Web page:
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Nelson scientist is one of Time magazine’s 100 most influential people

Suzanne Simard is the author of Finding the Mother Tree
“The industry really shouldn’t be clearcutting if we’re trying to save carbon and save biodiversity and foster regeneration. We should be doing partial cutting,” Simard told the Nelson Star in a 2021 interview. Photo: Bill Metcalfe

A Nelson scientist has been named to Time magazine’s 100 most influential people of 2024.

Suzanne Simard teaches forest ecology at the University of British Columbia and lives in Nelson.

Her research shows that underground networks of mycorrhizal fungi help trees share nutrients and pass on information about threats such as disease and drought. The trees in a forest behave as a single organism.

Time magazine calls this work “revolutionary” and placed her under the Icons section of its list with other Canadians such as Michael J. Fox and Elliot Page.

Finding the Mother Tree, Simard’s 2021 book about her research, has upturned the way we think about forests and has convinced many scientists and their students that conserving existing forests is the most effective way of responding to the climate crisis.

Simard told the Nelson Star that she was “surprised and deeply humbled” to learn that she had made Time’s list. She said it is significant that the list included her as a scientist who works on climate change.

Her research has been replicated elsewhere and her ideas have become mainstream. Her TED talks have been viewed more than 10 million times and she points out that her work has begun to appear in popular culture such as in Richard Powers’ Pulitzer Prize-winning novel The Overstory, in the movie Avatar, and in the TV series Ted Lasso.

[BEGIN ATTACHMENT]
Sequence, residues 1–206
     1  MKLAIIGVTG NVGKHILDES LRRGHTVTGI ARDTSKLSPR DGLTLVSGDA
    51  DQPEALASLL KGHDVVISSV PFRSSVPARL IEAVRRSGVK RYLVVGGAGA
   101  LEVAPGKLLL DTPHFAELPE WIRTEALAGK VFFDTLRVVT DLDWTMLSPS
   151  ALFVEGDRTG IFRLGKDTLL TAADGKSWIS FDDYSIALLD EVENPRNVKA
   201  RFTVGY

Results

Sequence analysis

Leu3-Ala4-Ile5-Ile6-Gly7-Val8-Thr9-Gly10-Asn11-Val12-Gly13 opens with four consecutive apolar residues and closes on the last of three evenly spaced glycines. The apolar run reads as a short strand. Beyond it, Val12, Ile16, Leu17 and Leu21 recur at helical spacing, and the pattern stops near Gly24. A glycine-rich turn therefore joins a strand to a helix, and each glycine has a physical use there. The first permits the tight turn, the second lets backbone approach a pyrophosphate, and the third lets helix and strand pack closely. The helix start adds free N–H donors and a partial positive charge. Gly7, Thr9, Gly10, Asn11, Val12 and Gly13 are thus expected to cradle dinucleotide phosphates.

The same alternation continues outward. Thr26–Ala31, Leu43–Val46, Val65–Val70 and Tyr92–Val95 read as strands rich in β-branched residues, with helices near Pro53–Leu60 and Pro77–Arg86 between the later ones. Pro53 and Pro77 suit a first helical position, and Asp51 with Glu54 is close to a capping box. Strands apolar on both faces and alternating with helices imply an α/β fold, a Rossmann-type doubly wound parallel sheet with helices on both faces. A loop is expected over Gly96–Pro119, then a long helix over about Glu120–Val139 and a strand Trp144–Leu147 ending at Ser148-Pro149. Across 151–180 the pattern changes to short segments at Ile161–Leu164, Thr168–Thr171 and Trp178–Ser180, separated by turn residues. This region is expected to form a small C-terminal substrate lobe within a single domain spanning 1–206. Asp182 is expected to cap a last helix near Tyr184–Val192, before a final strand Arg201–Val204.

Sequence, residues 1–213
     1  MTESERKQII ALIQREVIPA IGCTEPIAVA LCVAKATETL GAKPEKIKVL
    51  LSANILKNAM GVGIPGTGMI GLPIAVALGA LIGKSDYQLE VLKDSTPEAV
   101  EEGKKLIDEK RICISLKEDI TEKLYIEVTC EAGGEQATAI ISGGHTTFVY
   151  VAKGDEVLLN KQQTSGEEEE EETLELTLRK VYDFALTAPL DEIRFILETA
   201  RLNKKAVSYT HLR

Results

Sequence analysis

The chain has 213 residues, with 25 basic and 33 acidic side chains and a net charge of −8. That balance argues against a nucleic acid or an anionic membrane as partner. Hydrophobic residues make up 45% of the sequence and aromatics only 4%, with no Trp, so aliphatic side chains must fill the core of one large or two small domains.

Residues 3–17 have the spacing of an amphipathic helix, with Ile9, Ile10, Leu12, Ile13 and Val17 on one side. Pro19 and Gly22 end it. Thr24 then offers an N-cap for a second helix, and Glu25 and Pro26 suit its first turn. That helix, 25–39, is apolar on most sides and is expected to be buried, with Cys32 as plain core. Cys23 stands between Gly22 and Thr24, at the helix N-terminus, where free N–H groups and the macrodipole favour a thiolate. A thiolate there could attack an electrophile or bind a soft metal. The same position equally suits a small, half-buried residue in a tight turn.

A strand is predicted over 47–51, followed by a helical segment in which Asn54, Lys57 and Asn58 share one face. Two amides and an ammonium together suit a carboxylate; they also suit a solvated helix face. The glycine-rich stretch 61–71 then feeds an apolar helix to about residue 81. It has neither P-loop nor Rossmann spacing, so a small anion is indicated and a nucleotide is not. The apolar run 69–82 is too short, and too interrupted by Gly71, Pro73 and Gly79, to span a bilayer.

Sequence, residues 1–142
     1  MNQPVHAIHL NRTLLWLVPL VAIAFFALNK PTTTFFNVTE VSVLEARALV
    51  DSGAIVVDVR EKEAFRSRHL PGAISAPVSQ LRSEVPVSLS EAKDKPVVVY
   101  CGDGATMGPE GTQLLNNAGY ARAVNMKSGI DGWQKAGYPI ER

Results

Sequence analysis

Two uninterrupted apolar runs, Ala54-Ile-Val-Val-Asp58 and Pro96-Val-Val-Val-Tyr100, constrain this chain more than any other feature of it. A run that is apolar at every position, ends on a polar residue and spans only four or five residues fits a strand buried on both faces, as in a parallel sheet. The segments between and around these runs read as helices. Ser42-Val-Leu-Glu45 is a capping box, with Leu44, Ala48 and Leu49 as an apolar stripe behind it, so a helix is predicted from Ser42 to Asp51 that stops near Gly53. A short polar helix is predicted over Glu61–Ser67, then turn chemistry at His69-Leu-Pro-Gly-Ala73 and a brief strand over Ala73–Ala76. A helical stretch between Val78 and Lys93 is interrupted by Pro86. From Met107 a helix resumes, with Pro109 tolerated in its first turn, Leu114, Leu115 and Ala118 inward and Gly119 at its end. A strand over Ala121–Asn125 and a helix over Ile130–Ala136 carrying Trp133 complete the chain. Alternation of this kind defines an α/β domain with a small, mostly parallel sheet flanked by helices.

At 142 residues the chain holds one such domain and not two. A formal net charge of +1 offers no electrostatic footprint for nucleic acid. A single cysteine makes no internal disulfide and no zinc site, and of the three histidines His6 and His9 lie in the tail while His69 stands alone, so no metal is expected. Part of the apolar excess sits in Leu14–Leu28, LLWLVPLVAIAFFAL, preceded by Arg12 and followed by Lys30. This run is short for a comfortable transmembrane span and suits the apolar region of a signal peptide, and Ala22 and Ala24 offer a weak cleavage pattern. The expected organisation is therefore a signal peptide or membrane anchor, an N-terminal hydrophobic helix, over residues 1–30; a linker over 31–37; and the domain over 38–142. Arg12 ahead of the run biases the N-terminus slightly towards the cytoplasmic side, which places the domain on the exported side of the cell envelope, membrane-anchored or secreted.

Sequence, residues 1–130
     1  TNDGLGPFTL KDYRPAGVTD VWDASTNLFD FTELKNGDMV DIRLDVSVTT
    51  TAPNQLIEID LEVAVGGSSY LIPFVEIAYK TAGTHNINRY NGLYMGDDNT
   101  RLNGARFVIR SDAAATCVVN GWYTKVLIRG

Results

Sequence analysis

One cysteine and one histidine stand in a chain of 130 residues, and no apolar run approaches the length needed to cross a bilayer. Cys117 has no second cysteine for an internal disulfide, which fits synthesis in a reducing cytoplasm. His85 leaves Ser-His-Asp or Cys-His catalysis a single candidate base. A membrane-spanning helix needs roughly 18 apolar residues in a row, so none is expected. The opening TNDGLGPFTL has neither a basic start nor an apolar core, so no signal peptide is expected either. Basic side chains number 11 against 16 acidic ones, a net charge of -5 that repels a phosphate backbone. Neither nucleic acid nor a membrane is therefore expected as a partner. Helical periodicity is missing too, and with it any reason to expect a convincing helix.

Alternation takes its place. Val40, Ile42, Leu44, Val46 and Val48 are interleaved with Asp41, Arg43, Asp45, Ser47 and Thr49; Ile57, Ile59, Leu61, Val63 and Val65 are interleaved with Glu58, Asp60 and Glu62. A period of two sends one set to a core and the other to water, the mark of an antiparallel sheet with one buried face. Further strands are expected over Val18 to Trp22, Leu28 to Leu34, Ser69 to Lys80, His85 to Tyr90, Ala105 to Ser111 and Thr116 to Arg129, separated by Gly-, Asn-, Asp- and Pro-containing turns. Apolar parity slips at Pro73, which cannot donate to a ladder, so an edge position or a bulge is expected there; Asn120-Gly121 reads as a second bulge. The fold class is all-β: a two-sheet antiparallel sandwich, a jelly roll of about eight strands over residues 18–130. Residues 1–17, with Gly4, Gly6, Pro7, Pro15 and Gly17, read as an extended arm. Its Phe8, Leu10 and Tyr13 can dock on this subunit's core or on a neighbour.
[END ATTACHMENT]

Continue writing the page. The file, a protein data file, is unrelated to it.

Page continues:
“It has become taught in schools that nature is connected, and they use the example of the mycorrhizal connections below ground as a beautiful illustration of that,” she said.

Her discovery that nature operates in complex ways through reciprocal relationships among trees contains lessons for human society, she said.

“We as people are nature too, and when we fully remember that reality and treat forests as our home, then we will be able to solve the problem of climate change because we will go back to our spiritual connection to the forest, treating it with respect and following these examples of reciprocity that we see in nature.”

Simard’s current work is with the Mother Tree Network and the Mother Tree Project, “which are about helping communities, including Indigenous communities, to transition away from the need to take down their forests to tending them and using more careful approaches.”

This will help maintain biodiversity and protect the forest against wildfire, flooding and drought, she said.

“The trees, Simard teaches us, are talking,” writes Time’s Jeffrey Kluger. “It is our job to start listening.”


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Bill Metcalfe

About the Author: Bill Metcalfe

I have lived in Nelson since 1994 and worked as a reporter at the Nelson Star since 2015.
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